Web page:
Further investigation will be needed before court officials decide whether to remove the portrait on First Amendment grounds — and the court might not make a deadline demanded last week by the ACLU, court spokeswoman Ann Barks said.
"It's more than just a picture of Jesus," Barks said. "It might have more to do with the business of the court than purely religious reasons."
A priest Friday identified the image as a 16th century Russian Orthodox icon called "Christ the Savior," — most likely a reprint. In the picture, Jesus is shown holding open a book to display two pages, each with a biblical quotation about judging correctly and wisely. The quotations are written in Russian.
Since the ACLU's objection, the court's staff has been trying to track down who hung the picture in the court and why, Barks said. Having had the quotations on the book translated into English, court officials are not ready to concede that the display violates the constitutional clause forbidding the establishment of religion.
Besides the picture, the display includes the words: "To Know Peace, Obey These Laws." The ACLU wants both the picture and words removed.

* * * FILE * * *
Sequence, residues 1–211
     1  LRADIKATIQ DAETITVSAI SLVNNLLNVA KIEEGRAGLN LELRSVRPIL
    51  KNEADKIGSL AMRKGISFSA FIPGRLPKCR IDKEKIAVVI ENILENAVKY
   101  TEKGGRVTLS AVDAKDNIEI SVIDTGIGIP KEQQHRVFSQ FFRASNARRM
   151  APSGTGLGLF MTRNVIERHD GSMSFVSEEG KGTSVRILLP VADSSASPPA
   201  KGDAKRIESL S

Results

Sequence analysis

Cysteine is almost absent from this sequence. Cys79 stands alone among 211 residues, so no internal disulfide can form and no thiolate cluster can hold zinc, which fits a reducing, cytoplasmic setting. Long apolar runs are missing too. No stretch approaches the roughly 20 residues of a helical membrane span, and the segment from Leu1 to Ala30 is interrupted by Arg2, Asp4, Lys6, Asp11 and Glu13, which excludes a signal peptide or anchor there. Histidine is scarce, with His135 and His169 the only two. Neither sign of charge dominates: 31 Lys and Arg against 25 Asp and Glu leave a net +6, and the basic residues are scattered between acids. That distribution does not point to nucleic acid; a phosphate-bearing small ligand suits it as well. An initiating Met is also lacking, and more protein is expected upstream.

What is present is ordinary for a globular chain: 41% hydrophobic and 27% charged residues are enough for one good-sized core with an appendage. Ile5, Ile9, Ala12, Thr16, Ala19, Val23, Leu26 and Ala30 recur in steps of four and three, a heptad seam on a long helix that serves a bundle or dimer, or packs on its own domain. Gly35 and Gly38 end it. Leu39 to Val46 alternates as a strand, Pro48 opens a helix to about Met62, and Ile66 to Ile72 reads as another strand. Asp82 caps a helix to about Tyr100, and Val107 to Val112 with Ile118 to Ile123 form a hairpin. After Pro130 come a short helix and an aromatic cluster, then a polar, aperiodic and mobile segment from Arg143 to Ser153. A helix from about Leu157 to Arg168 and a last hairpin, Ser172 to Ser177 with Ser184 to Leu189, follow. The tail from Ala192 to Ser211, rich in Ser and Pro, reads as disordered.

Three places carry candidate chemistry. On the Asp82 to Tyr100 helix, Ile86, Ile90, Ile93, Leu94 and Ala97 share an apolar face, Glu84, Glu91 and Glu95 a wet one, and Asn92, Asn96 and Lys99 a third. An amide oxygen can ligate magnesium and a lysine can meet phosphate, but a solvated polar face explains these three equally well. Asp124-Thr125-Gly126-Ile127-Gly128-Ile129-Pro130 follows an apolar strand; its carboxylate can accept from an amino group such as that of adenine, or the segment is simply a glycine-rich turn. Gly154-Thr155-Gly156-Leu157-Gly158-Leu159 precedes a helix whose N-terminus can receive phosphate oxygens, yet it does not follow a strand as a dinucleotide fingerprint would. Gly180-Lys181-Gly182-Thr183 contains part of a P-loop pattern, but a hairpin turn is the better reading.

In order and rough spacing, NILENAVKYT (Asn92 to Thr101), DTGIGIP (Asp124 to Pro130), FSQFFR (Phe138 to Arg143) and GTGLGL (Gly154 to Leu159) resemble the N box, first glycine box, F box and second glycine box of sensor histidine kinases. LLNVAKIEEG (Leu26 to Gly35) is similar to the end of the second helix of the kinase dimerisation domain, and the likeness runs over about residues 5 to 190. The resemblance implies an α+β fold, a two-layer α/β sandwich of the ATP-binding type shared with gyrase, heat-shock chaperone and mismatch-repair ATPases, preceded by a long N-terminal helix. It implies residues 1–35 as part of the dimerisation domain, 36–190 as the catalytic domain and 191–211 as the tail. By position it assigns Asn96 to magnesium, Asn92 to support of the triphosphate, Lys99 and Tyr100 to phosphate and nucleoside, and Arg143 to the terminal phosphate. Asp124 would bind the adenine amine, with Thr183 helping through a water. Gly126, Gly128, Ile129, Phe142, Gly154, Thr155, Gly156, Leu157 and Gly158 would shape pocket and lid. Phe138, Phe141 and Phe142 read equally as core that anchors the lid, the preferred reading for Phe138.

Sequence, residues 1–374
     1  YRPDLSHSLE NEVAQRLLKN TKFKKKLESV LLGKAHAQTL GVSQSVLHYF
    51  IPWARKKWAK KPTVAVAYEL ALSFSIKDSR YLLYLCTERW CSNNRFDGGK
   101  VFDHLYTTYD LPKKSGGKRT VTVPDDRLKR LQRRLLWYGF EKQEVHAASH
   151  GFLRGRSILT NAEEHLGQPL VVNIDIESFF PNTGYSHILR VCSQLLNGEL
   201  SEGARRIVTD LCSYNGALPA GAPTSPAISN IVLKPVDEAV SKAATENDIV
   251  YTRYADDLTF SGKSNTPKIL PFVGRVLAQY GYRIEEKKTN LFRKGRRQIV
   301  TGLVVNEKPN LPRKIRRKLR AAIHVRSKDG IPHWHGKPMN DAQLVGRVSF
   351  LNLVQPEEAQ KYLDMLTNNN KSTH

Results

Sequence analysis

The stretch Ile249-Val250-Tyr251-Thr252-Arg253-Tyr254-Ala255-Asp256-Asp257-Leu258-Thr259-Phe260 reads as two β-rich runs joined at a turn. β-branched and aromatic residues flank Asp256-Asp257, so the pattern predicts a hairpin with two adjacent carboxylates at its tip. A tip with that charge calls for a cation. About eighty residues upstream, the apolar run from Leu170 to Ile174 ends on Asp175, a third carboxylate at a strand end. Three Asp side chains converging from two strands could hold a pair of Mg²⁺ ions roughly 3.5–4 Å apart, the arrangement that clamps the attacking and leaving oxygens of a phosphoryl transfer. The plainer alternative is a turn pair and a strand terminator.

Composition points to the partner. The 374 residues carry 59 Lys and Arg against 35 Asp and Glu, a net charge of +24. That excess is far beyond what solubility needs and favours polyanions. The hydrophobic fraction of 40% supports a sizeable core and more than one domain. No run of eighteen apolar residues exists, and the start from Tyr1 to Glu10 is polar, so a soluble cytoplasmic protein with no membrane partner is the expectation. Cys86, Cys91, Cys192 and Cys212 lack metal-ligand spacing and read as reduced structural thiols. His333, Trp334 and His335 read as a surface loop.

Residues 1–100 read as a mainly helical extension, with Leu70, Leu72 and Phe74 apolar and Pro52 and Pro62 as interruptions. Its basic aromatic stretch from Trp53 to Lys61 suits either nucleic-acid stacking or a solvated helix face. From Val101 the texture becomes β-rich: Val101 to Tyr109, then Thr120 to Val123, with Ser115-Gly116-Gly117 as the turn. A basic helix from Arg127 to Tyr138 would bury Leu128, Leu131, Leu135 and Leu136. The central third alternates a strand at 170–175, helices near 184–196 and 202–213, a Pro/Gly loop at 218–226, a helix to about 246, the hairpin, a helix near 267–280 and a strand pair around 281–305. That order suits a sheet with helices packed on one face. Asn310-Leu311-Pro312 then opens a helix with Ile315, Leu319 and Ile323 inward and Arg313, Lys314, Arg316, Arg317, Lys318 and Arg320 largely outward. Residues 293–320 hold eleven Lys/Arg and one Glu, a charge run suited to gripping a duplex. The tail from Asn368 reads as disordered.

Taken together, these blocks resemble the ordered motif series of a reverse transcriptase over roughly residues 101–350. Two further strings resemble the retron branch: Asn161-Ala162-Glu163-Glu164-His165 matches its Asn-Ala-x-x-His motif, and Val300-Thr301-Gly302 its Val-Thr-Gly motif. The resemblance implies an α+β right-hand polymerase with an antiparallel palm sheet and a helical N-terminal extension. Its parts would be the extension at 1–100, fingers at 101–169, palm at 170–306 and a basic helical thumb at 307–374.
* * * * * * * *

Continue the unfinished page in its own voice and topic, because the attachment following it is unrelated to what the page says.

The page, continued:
According to the court's research, one quotation is from John 7:24. In the King James version of the Bible, it reads: "Judge not according to the appearance, but judge righteous judgment."
The second quotation is from Matthew 7:2: "For with what judgment ye judge, ye shall be judged: and with what measure ye mete, it shall be measured to you again."
An Orthodox priest said the quotations are appropriate for a place of justice.
"The writing on those books (Jesus) is holding is about judging rightly," said the Rev. John Vieages of the Holy Orthodox Catholic and Apostolic Church of America, who holds in Slidell. "It really does fit into a courtroom. Whoever put that there was well aware of what the writing meant."
Whether the quotations are relevant to the business of a court has nothing to do with whether the display is legal, said Katie Schwartzmann, staff attorney of the Louisiana chapter of the ACLU.
"It's a clear constitutional violation," she said Saturday."
The ACLU's letter to the court said the display "clearly gives the impression that only believers in the law of Jesus Christ will receive justice in that courthouse."
Barks said that to her knowledge, no one had ever complained to the court about the picture until the ACLU letter. Joe Cook, executive director of the Louisiana ACLU, said the group has received several complaints, one of them written.